There are different types of survival fires. Each one has a unique set of strengths and characteristics that offer advantages in specific situations. Your choice of fire depends on the situation at hand. Do you want to go stealth mode? Do you need a fire that burns hot? Making a fire in wet weather? Yes, there’s a fire for that! In this post I crack deep into 5 survival fires you should know about.
Synopsis – Use the tepee fire when light and warmth are number one priority. Great for gatherings and traditional camping scenarios.
Everybody knows about the tepee fire. It’s usually the first fire you learn how to build and it’s what they teach in the scouts. It’s an easy way to get a fire going. The tepee is what’s known as a vertical fire. Vertical fires produce tall flames and draw the majority of their oxygen from the bottom bed of the fire. The tepee fire burns hot and quick.
Advantages – The tepee fire is an effective hot burning fire and will quickly warm you up. By design, it will burn hot and fast. The tepee fire produces very little smoke so it’s great for a general campfire when staying warm is the only requirement.
Disadvantages – The tepee fire burns fast. You’ll be spending a lot of time adding more wood to keep it stoked. The structure can easily collapse if not setup properly. Because of the generous supply of oxygen and heat, the tepee fire produces little coals or embers. Once it burns it is out. The design of the tepee fire does not allow for a flat surface for cooking.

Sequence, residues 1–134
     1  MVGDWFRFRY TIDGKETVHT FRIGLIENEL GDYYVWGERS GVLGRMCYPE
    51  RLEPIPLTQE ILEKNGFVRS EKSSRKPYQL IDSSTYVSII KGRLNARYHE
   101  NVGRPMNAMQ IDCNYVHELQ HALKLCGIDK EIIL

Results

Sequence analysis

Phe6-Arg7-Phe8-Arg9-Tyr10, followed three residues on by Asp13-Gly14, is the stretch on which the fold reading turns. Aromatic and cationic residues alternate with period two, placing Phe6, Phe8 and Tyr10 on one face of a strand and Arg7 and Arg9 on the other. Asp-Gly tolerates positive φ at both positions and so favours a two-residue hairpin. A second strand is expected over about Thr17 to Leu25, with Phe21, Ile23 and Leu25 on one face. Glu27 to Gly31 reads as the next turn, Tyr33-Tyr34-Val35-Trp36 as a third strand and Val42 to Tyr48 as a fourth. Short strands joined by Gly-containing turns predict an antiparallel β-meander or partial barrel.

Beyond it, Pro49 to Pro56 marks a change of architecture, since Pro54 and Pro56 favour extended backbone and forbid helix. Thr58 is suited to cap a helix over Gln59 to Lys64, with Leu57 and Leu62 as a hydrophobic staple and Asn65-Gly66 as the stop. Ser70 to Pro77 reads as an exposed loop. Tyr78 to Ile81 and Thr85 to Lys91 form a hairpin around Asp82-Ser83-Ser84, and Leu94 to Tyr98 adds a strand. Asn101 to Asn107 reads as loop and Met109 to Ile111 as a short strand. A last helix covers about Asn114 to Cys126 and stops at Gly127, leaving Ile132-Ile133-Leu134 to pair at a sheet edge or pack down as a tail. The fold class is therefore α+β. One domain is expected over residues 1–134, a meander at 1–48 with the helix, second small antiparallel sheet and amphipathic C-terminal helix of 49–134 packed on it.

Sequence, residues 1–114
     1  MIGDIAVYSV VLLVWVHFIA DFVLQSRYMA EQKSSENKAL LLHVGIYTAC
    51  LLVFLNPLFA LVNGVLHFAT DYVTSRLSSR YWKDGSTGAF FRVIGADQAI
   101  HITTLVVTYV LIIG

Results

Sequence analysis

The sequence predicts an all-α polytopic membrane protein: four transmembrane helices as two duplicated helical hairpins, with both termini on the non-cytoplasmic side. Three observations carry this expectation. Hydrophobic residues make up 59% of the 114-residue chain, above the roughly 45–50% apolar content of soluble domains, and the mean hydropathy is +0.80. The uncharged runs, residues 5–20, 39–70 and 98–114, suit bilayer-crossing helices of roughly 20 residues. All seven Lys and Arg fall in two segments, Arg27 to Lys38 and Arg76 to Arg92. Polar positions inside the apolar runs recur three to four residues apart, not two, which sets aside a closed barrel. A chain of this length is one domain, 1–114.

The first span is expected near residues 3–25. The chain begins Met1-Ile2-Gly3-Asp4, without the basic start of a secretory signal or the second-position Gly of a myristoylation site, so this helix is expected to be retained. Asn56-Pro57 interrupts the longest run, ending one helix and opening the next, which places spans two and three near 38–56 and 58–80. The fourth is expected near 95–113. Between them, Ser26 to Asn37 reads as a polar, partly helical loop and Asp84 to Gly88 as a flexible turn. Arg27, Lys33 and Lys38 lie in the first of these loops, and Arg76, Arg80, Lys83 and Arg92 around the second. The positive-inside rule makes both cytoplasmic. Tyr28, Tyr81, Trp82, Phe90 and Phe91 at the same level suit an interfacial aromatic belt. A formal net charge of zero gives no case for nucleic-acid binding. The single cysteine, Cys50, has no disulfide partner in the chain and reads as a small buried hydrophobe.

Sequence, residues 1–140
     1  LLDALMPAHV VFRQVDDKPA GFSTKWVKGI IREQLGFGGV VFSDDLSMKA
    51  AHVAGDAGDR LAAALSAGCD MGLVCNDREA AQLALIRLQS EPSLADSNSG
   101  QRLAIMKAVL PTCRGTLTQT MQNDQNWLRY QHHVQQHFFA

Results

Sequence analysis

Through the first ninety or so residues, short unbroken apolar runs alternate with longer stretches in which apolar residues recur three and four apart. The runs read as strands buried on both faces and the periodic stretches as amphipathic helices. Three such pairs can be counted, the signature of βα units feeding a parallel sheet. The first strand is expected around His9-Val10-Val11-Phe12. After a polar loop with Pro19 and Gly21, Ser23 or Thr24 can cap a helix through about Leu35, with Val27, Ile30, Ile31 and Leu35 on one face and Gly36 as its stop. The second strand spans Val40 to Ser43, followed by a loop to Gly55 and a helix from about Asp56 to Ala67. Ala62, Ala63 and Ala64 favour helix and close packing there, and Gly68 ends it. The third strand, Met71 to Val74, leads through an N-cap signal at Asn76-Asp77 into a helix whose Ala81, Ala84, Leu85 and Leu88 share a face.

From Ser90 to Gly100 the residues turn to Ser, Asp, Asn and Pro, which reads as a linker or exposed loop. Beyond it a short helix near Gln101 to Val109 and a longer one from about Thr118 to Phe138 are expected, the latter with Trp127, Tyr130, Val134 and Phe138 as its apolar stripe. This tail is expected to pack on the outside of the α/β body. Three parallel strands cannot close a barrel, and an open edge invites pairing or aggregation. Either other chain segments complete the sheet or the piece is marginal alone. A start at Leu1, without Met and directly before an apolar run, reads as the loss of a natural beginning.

How to build
Step 1. Lay down a layer of dry wood to form the base of the tepee:
Step 2. Place your tinder bundle on the base:
Step 3. Create a skeleton structure in tepee formation:
Step 4. Place the rest of your kindling against the skeleton structure:
Step 5. Light that bad boy up:
The log cabin
Synopsis – Build a log cabin fire if you need a hot bed of coals or a flat top for cooking.
Also known as the box fire, this is a method of fire making less prone to problems found in the tepee. The structure of the log cabin fire make it stable and less prone to collapsing. The flat top design allows for a flat surface to cook on. The fire burns slower and longer than the tepee.
Advantages – The flat surface makes this a great fire to cook on. It’s also a whole lot easier to maintain because of its slow burning and stable design. Many people start out with a tepee design but end up with a log cabin anyways. Why not skip straight to the point?
Disadvantages – Difficult to light with limited access to the tinder if something goes wrong. Produces less heat and more smoke.
How to build
Step 1. Create a tepee structure from dry sticks and material:
Step 2. Create a log cabin structure around the tepee. Taper off into smaller pieces towards the top so they catch fire easily:
Step 3. Light your tepee. Continue to stoke the flame through the large gaps until the entire structure catches:
The upside down fire
Synopsis – Upside down fire is a great fire for the fireplace. In a survival situation I could see it being used if you didn’t need the fire right away but wanted to get it started. It’s a light and forget method of fire making that lends itself well to efficiency and long term heat.
Snotty survivalists have long had a superior air of snootiness over knowing about this fire. They are quick to rattle off the many advantages of the upside down fire. It’s quite an unconventional approach to making fire and goes against everything you were taught. It’s literally a reversed fire – you stack the large logs at the bottom and work your way up the stack laying smaller pieces until you get to the top. At the top you have your tinder bundle.